Monday 1 April 2024

Opus Dei rejects claims of 'exploitation' made by former Irish member, who joined aged 15

Unveiling Opus Dei: Irishwoman from FT investigation speaks out

OPUS DEI HAS rejected claims by an Irish woman that the secretive Catholic group exploited her when she was a member during the late 1970s.

Anne Marie Allen spoke out alongside other former members against Opus Dei in a recent investigation by the Financial Times. Allen spent over five years as an unpaid assistant numerary in the Opus Dei religious group.

She has called for compensation for her work and that Opus Dei are held accountable for the alleged poor treatment and exploitation of its former members.

While Opus Dei have said it is “very sorry and deeply regret that Anne Marie Allen was hurt by her time in Opus Dei”, it rejected claims of poor treatment and exploitation, adding that former members must file an official complaint.

In the newspaper investigation a number of assistant numeraries – roles filled by women in the religion to serve other members – highlighted abuse they recieved from Opus Dei.

Allen left school in 1975 to join a catering college at Ballabbert School, which was run by the religious group, at the age of 15. She claims the college did not have a curriculum and that members of Opus Dei were assigned to each student to bring them into the religion.

Allen told RTÉ’s Upfront podcast that the members would make the students “feel special” and that frequent “love bombing” would take place. In later conversations, the members would promote of the practices of Opus Dei in order to deal with their issues.

In the months after starting at Ballabbert, Allen was asked if she wanted to begin a ‘vocation’ – a dedication to the Opus Dei religion – and begin work as an assistant numerary, a domestic work and catering role offered to, often uneducated, women.

Allen accepted the position but but has stressed the fact that she was underage at the time.

“At that point, I was 16. I was a bit taken aback and I didn’t have the strength to challenge that you know and then next thing the word vocation kept being mentioned,” Allen told the programme.

Allen detailed that the treatment she recieved from the secretive Catholic group led to her suppressing her own values, thought processes and opinions and the daily routine stripped her of a life.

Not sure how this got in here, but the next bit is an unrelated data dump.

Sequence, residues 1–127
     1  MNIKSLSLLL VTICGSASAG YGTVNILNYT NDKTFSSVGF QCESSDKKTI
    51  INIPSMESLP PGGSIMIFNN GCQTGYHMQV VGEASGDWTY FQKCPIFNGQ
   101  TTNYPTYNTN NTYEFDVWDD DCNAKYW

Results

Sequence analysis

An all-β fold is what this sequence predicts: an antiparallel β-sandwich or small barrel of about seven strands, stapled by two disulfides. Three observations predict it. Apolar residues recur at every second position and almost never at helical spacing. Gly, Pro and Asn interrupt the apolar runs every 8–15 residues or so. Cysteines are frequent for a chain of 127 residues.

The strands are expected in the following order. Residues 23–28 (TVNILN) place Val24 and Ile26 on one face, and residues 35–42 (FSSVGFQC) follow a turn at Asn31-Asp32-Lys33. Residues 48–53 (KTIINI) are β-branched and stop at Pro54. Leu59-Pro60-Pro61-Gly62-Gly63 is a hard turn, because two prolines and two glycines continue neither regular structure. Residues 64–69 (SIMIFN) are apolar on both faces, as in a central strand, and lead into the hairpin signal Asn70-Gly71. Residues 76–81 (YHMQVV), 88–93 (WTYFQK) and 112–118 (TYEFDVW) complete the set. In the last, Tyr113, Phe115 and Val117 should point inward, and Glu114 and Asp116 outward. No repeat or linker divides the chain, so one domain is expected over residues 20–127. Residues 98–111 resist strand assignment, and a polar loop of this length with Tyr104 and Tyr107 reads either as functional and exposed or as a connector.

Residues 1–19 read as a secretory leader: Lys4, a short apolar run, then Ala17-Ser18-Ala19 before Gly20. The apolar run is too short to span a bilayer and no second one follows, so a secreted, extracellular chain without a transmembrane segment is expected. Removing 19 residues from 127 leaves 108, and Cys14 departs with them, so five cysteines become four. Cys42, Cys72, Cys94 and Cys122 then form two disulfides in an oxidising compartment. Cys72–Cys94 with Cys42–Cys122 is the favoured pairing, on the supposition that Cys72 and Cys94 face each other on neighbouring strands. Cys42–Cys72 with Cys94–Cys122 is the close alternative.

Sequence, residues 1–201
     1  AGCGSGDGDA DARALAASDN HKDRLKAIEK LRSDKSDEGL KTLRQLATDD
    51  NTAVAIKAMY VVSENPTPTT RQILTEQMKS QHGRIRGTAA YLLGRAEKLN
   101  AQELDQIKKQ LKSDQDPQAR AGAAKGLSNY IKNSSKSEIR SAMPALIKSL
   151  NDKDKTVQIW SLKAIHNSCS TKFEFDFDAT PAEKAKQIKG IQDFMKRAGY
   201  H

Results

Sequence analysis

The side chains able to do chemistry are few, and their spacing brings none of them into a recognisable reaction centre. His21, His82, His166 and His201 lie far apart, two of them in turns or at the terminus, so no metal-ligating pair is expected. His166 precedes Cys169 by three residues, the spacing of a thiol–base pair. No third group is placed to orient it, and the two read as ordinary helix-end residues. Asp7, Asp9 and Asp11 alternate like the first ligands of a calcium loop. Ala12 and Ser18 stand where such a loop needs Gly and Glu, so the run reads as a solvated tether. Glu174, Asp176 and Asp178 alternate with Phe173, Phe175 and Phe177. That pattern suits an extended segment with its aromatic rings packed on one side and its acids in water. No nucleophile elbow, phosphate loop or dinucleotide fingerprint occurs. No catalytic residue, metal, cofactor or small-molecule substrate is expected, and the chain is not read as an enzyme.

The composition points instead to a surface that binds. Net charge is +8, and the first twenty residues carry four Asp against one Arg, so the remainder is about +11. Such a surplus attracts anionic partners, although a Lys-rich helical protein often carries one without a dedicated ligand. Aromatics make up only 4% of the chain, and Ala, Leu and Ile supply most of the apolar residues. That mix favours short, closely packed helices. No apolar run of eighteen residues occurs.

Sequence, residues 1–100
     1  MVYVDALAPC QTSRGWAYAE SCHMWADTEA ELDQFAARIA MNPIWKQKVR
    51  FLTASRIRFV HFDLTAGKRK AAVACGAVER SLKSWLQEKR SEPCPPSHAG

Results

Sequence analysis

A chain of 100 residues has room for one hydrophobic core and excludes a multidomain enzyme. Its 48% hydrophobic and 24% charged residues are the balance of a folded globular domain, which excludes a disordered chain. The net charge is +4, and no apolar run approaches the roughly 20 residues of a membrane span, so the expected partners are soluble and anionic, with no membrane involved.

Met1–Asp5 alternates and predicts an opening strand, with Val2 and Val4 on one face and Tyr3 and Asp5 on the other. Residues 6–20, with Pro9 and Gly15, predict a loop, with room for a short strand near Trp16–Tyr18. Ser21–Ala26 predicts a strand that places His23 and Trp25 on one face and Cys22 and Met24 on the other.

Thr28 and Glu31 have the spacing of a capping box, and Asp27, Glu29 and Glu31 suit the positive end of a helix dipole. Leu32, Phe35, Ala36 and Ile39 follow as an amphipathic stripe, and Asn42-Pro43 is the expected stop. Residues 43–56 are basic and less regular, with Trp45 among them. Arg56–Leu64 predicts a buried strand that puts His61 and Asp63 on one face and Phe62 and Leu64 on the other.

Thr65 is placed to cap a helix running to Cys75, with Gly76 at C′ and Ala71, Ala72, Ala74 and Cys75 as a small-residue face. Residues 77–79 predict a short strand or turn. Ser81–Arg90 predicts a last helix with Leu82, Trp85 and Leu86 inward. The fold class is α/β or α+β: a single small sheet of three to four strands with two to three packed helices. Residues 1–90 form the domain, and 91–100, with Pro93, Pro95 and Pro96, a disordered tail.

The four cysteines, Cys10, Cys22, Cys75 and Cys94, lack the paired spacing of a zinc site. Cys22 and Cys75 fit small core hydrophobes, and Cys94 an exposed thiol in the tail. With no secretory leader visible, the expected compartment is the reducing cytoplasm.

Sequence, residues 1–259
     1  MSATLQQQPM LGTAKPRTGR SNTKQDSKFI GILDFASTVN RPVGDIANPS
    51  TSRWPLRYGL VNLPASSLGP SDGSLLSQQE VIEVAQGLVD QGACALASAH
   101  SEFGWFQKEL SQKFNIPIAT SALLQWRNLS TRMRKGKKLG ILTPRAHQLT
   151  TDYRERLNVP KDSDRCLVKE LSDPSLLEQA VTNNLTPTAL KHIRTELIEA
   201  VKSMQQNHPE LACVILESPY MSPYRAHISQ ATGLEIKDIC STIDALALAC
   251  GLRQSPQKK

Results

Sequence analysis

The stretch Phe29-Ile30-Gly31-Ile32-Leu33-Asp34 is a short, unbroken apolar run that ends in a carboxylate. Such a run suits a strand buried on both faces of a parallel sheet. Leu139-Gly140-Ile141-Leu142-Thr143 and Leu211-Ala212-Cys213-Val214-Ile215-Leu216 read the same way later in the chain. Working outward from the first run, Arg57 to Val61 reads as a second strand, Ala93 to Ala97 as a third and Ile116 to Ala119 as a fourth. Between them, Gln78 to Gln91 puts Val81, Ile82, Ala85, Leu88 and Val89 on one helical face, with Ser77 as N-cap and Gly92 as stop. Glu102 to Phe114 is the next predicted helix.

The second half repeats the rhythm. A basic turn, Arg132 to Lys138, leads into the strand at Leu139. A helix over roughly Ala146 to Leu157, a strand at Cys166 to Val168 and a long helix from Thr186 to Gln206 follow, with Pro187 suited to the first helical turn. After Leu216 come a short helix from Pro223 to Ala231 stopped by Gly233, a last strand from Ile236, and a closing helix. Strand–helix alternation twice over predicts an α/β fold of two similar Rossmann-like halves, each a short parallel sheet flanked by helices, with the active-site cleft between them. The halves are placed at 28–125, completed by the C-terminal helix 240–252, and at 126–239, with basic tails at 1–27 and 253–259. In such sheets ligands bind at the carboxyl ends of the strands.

When not working for its clients, she lived in an Opus Dei centre and took part in what she found to be “uncomfortable” practices of the religion, such as wearing a ‘cilice’ – a strap with sharp wire on one side – on her leg and deprived herself of food and sleep.

“It was like Catholicism on cocaine,” Allen said. “You got up, you had to go to Mass, you had to do two, half-hours of prayer, you’d to do 15 minutes of spiritual reading, I forget how many decades of the the Rosary, you had to examination of conscience at nighttime. That was just on a daily basis.

“You had silence from two o’clock in the day until six o’clock in the evening. And the same from nine o’clock at night in to six o’clock the next morning,” she added.

She added: “I was told: ‘You have a vocation as big as a house. And if you don’t follow it, you’re going to go to hell and your family will go to hell, and bad things will happen to you. If you leave Opus Dei bad things will happen to you’.”

Allen eventually left the religious group after her Father stopped her from returning to the centre when she was visiting family – however, she says it took her almost two years to regain her own opinions again.

“It took until I was brave enough to say, ‘I don’t want to go back. I can’t do this anymore. This is not me’. So took all of that length of time. And it was quite difficult. Because Opus Dei pursued me long and hard during that time.”

In a statement provided to the RTÉ programme, Opus Dei acknowledged that Allen was hurt by her time as an assistant numerary in the religious group, but rejected claims that its members exploited her.

With regard to her experience in the late 70s, we reject the accusation of exploitation.

“Assistant numeraries are women in Opus Dei who, like all the other members, aim to love God and others through their work and daily life. In their case, their chosen work is caring for the people and centres in the family setting of Opus Dei. This work is paid in accordance with the employment legislation of the countries in which they live.

“The vocation of assistant numerary is being followed by thousands of women around the world with freedom, love and commitment, and has the same dignity as any other life choice. In fact, many women who joyfully live out this vocational call made a public plea a few months ago for their free and conscious choice to be respected and not demeaned.

“In cases in the past where there may have been irregularities in social security contributions, or bad experiences within the organisation, Opus Dei recognises that these things can have happened, but needs the people concerned to make a formal complaint. They can do so,” it added.